Dr. Weinstock-Guttman at ISNVD

A forum to discuss Chronic Cerebrospinal Venous Insufficiency and its relationship to Multiple Sclerosis.

Dr. Weinstock-Guttman at ISNVD

Postby Cece » Sat Feb 25, 2012 5:49 pm

from page 46 http://www.isnvd.org/files/ISNVD%20Abstract%20Book.pdf
CCSVI interdisciplinary approach (Bianca Weinstock-Guttman, USA)

Recently, a new vascular condition called chronic cerebrospinal venous insufficiency (CCSVI) was proposed to
be linked to multiple sclerosis (MS). CCSVI is characterized by impaired blood outflow from the central nervous
system to the periphery, secondary to anatomical abnormalities of the major neck and azygos veins. As of now,
the available data cannot determine whether CCSVI is a cause, consequence or mere association with MS
although the higher prevalence of CCSVI found in progressive MS patients may suggest that CCSVI may play a
contributory role on disease progression. Similarly the role of intra- and extra-cranial venous system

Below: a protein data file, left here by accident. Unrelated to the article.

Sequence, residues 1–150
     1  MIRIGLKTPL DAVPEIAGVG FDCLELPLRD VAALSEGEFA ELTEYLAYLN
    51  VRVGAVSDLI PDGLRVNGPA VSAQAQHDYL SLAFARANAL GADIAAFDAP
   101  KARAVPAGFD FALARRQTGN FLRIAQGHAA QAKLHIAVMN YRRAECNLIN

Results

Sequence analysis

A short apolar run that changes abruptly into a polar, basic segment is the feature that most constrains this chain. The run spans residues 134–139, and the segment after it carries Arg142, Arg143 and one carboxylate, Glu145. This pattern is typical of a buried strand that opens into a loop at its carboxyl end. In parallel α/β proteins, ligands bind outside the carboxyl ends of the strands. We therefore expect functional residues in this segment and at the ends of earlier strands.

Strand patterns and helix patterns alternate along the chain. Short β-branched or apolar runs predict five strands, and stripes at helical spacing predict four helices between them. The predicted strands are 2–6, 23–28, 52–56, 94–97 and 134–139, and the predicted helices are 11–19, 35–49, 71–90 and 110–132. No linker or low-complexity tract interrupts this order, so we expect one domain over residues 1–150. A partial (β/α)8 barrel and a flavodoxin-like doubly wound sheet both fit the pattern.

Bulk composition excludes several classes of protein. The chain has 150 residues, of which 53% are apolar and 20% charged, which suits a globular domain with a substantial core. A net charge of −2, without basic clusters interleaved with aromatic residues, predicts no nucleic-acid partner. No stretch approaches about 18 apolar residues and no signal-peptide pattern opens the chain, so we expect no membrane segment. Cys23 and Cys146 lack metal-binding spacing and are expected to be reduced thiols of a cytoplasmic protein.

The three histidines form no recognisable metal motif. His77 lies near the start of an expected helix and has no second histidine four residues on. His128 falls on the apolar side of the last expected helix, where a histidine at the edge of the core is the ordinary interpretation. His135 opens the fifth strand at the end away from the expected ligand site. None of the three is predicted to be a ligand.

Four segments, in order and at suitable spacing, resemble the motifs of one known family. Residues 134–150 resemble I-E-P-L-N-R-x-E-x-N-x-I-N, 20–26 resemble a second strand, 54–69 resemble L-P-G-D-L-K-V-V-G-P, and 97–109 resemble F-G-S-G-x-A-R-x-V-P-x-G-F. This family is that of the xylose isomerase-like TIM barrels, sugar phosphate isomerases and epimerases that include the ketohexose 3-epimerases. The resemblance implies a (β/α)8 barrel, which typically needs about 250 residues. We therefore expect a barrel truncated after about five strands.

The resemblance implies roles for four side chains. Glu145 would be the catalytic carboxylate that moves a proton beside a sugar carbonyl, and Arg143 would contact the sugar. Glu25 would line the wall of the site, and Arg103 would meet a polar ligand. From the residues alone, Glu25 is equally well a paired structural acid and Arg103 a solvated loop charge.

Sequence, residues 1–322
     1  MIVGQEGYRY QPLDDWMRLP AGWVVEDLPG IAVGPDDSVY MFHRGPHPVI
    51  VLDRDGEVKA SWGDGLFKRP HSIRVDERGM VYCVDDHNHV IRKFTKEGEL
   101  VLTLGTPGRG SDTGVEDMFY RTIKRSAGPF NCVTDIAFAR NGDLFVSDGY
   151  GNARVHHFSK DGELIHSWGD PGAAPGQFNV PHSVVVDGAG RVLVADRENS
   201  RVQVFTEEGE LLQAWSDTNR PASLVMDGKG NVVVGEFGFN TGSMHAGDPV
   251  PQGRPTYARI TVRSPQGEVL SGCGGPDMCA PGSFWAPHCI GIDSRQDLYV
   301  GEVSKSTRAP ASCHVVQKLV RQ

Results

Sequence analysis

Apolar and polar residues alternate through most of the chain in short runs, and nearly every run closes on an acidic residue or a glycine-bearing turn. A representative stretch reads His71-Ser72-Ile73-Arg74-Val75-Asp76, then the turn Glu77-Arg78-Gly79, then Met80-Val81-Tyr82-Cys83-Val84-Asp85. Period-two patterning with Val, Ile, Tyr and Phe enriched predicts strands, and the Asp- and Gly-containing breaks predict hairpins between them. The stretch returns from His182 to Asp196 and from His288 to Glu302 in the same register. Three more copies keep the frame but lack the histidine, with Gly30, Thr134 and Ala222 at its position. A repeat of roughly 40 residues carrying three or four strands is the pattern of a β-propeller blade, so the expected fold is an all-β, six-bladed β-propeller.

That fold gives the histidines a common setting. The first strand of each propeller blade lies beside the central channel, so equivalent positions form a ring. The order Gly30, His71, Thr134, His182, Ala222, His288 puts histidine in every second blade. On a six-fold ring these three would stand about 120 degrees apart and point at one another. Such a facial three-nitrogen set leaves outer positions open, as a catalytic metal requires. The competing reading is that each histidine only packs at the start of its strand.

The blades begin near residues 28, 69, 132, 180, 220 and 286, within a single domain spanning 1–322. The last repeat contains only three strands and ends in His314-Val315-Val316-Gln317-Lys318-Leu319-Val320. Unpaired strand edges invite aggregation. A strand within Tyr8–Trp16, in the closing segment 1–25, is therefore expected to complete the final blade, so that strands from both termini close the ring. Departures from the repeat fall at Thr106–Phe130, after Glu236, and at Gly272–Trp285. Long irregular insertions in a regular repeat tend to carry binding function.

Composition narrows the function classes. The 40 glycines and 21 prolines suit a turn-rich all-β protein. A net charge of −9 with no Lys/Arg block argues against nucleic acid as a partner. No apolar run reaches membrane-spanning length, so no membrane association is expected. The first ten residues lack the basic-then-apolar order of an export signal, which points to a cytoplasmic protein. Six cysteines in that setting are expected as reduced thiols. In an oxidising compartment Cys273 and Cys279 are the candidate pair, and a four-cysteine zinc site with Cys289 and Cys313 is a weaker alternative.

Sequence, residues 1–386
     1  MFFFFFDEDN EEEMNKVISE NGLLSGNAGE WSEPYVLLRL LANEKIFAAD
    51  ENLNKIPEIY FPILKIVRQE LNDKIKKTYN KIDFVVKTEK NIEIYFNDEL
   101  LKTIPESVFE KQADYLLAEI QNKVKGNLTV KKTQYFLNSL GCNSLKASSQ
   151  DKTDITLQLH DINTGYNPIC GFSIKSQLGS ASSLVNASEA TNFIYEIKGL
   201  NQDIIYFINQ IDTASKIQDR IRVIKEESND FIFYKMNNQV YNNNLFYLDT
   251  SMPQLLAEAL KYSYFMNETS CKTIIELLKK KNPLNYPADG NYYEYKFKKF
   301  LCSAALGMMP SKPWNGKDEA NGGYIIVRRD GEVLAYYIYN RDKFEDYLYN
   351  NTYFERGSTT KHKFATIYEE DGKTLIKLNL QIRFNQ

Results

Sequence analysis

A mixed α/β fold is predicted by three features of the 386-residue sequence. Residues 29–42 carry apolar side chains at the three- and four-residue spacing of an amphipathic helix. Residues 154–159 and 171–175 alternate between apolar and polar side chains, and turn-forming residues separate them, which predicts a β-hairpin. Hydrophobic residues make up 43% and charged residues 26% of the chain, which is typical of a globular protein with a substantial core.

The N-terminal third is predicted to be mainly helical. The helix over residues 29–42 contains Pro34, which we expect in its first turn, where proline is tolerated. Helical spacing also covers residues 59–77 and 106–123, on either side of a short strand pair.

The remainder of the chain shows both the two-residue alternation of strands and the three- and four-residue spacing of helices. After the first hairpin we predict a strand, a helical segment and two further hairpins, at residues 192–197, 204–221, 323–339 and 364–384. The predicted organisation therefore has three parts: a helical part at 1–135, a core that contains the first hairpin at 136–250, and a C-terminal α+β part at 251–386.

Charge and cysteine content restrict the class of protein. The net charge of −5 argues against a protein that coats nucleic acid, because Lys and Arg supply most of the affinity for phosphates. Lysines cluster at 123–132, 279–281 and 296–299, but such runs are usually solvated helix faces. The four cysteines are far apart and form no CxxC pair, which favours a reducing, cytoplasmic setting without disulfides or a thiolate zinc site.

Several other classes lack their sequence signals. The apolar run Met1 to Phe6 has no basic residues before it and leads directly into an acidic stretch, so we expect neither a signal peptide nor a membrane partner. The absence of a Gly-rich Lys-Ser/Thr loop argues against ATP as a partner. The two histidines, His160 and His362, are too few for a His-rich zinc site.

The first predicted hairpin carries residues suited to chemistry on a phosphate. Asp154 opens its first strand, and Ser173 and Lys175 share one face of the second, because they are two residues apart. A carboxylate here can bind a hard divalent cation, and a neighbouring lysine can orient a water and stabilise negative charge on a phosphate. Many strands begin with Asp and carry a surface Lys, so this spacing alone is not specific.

impairment in the pathogenesis of other various vascular inflammatory and neurodegenerative disorders
requires further evaluation. Physiological inter-individual variation of the cerebral venous anatomy and the lack
of standardized diagnostic guidelines for evaluation of the intra- and extra-cranial cerebrospinal venous system
provided contradictory findings and consequently more questions are raised than plausible answers were
given. Taking in consideration these multiple challenges only a corroborative team work that include vascular
specialists, neurologists with special interest in MS and neuroimaging will be necessary to provide the
appropriate network to understand, assess and eventual treat CCSVI.
Further studies are necessary to define
the role of CCSVI in health vs. disease in general and in MS and other inflammatory conditions in special before
any open label therapeutic interventions are implemented.

Financial Disclosure: Teva Neurosciences, Biogen Idec, EMD Serono, Pfizer, Novartis, Acorda, ITN
There are aspects of CCSVI that can be studied by interventionalists on their own, and there are aspects including the effect of CCSVI treatment on MS that would benefit from interdisciplinary collaboration. I hope that the rhetoric can get toned down and sleeves rolled up and collaboration achieved.
Cece
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